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Some evidence of a protective function of immigrant status against chronic illness is found in the literature.1 However, as immigrants' period of residence and level of acculturation increase, so does the prevalence of chronic conditions.2,3 One classic study found that more traditional Japanese compared with their Westernised counterparts had a lower coronary heart disease prevalence rate.4 A MEDLINE/PubMed search found few published studies of the effects of acculturation on hypertension with a nationally representative sample of Asian immigrants. Therefore, the primary objective of our research was to examine the hypothesis that prevalence of hypertension among Asian immigrants differs by acculturation status.
A multiple logistic regression was conducted to assess the independent effects of acculturation and other factors on hypertension. We analysed data from the 1996–97 Canadian National Population Health Survey (NPHS). The sample size of Asian immigrants available from the NPHS for this study was 1972. The dependent variable was hypertension and the independent variable of interest was duration of residence. Hypertension was considered present if an affirmative answer was given to the question of whether the NPHS respondent had been diagnosed with high blood pressure by a health professional. Acculturation was defined as duration of residence in Canada and grouped into three categories: 0 to 4 years, 5 to 9 years, and 10 years and more. Control variables, identified in previous research as risk factors for hypertension, included smoking, alcohol use, physical inactivity, self assessed health, body mass index (BMI), chronic conditions, functional limitations, psychological distress, access to health services (last blood pressure check, have a regular doctor), and sociodemographic characteristics (gender, age, and education). All analyses were weighted to reflect the sample design, adjustments for non-response, and poststratification with standard errors and significance tests computed using SUDAAN (Research Triangle Institute, Research Triangle Park, NC).
Table 1 shows the descriptive and multivariate results. The findings from the bivariate analysis indicate that as Asian immigrants' period of residence in Canada increased, so did the prevalence of hypertension. The differences in the prevalence of hypertension were 2.8%, 7.4%, and 13.3% among those with 0 to 4, 5 to 9, and 10 years or more of residence, respectively. The logistic regression model showed a gradient of association between hypertension and duration of residence after adjusting for all other variables in the model. Age (older), educational attainment (lower), BMI (overweight), and psychological distress were all significantly predictive of hypertension.
DISCUSSION AND CONCLUSIONS
The results show a significant relation between Asian immigrants' length of residence in Canada and hypertension, after adjusting for sociodemographics, smoking, drinking, health status, access to health services, and psychological wellbeing. Longer term immigrants were more likely than recent immigrants to report hypertension. Important strengths of the NPHS include its population based nature; its high participation rate (82.6%), and its representative sampling frame. Some potential limitations are that the study is cross sectional in nature, the data are based on self reported information, some results must be interpreted with caution because of the small cell sizes, and length of residence as used in the study may be only a partial measure of cultural/behavioural adaptation. The relation between acculturation and health status is a complex one that may occur in an ordered fashion with different components of acculturation playing a part.3 One firm conclusion that can be drawn from our study is that different patterns in the prevalence of hypertension follow different degrees of cultural adaptation. Differences in hypertension attributable to acculturation status may be a result of lifestyle changes and dietary practices, including meal patterns and food choices.5 The challenge for health policy makers and health promoters in increasingly diverse societies will be to minimise the harmful effects and maximise the salutary effects of the acculturative process.3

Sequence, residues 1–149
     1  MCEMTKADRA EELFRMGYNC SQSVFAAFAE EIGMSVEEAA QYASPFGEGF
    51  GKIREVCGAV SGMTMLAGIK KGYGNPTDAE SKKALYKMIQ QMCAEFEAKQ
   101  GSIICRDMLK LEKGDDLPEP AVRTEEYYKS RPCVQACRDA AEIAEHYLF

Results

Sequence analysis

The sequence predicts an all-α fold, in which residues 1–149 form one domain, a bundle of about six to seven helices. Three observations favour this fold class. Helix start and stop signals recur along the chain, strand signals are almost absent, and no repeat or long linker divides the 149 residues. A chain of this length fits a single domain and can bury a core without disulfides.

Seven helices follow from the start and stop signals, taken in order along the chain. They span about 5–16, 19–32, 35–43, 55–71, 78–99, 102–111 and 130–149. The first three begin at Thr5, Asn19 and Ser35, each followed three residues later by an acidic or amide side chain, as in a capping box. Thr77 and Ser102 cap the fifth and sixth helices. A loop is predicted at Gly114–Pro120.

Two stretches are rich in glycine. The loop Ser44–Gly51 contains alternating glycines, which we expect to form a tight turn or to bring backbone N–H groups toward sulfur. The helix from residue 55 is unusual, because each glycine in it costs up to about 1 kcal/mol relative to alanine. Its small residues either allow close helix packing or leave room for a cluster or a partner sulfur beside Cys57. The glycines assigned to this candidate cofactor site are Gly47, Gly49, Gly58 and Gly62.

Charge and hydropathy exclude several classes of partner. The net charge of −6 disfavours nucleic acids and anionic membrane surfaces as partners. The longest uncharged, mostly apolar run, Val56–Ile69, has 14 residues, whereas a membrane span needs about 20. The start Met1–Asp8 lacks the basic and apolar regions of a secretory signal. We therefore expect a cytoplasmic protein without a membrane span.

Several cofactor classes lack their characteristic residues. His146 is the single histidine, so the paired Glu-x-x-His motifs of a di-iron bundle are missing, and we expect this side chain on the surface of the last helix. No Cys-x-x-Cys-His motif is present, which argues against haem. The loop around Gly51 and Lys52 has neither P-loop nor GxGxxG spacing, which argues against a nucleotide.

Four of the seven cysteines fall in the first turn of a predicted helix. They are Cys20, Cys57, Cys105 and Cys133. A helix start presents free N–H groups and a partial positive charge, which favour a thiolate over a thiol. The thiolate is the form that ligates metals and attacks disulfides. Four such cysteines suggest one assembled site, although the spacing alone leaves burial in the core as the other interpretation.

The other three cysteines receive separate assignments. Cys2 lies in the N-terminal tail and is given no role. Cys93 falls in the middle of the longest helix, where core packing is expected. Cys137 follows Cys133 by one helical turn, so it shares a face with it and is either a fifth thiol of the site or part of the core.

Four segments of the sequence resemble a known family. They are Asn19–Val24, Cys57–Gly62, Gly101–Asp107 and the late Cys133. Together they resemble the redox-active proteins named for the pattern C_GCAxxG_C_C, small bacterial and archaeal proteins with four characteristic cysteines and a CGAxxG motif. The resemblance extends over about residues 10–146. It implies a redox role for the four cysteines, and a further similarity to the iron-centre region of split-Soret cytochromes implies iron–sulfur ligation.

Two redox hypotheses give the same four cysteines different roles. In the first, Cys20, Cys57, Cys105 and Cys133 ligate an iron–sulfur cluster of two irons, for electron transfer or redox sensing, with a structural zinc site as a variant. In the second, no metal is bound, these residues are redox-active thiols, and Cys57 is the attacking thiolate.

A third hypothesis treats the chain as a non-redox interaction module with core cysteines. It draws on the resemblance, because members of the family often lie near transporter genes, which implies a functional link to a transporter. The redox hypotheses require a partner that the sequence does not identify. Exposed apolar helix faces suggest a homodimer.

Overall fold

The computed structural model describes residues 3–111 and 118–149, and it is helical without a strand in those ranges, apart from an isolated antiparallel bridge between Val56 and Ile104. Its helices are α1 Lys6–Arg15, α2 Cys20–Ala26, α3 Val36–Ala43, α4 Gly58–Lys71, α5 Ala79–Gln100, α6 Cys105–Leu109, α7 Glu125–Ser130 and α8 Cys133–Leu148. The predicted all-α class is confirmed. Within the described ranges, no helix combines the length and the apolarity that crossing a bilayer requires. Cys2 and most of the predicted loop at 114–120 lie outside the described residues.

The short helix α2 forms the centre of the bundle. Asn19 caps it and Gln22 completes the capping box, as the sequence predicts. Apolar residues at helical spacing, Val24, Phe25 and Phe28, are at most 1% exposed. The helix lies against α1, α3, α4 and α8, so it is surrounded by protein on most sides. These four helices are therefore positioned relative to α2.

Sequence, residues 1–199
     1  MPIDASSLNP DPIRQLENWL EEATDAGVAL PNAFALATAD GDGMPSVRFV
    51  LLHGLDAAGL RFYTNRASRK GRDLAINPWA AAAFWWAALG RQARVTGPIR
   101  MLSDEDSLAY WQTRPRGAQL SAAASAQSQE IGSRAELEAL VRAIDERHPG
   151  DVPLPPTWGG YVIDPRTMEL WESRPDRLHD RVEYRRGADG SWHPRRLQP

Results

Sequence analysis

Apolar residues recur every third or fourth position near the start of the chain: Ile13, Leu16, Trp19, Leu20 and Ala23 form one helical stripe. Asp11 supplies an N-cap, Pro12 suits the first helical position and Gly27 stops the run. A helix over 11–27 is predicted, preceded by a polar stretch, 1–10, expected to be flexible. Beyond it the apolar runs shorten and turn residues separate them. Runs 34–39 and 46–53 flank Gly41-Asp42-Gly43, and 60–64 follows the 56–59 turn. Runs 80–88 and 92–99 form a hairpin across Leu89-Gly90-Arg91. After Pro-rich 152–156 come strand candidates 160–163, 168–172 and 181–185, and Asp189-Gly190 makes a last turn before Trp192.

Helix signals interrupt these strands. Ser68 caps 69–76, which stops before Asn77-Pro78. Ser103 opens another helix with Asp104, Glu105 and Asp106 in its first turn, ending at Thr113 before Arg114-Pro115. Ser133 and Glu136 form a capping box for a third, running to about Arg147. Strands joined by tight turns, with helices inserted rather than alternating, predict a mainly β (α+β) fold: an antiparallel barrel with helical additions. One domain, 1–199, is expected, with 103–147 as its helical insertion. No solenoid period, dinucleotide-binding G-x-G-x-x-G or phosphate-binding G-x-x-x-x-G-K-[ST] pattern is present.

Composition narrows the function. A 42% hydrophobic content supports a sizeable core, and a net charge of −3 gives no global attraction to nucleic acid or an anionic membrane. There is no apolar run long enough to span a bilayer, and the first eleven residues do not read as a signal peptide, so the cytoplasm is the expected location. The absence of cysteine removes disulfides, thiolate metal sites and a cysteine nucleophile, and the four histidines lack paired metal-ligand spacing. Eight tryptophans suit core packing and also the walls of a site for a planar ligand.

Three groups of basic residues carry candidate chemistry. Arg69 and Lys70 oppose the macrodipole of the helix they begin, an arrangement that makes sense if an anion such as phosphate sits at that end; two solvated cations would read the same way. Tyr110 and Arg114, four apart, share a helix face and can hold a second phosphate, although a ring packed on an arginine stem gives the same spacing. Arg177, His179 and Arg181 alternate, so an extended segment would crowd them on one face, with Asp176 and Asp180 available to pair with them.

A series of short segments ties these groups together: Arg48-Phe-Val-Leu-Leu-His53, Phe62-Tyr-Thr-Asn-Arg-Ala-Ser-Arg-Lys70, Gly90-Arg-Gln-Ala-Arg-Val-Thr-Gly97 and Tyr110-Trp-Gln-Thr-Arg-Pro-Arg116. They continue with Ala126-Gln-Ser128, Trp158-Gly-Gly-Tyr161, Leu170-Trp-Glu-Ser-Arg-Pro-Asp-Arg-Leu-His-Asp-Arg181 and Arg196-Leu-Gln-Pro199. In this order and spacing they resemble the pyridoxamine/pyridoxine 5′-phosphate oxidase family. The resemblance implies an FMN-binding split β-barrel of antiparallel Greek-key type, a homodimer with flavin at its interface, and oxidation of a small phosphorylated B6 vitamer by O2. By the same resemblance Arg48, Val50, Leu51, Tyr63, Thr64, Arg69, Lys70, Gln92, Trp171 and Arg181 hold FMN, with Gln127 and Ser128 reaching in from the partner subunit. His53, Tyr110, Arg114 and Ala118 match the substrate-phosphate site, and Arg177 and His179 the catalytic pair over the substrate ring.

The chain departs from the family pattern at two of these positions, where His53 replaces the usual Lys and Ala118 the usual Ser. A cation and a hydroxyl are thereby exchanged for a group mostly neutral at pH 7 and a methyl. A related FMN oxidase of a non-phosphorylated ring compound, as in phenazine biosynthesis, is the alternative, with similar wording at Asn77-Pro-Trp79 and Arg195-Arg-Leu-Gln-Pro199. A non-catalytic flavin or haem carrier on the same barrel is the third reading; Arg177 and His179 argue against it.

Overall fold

We would like to acknowledge the assistance of Nathalie Huguet and Amber Nunes with this project. This analysis is based on Statistics Canada's National Population Health Survey 1996–97, Household Component, Public Use Microdata Files, which contain anonymised data. All computations on these microdata were prepared by Portland State University, and the responsibility for the use and interpretation of these data is entirely that of the authors.
Funding: this research was undertaken with a grant from the National Institute of Mental Health (MH 59719).
Conflicts of interest: none.
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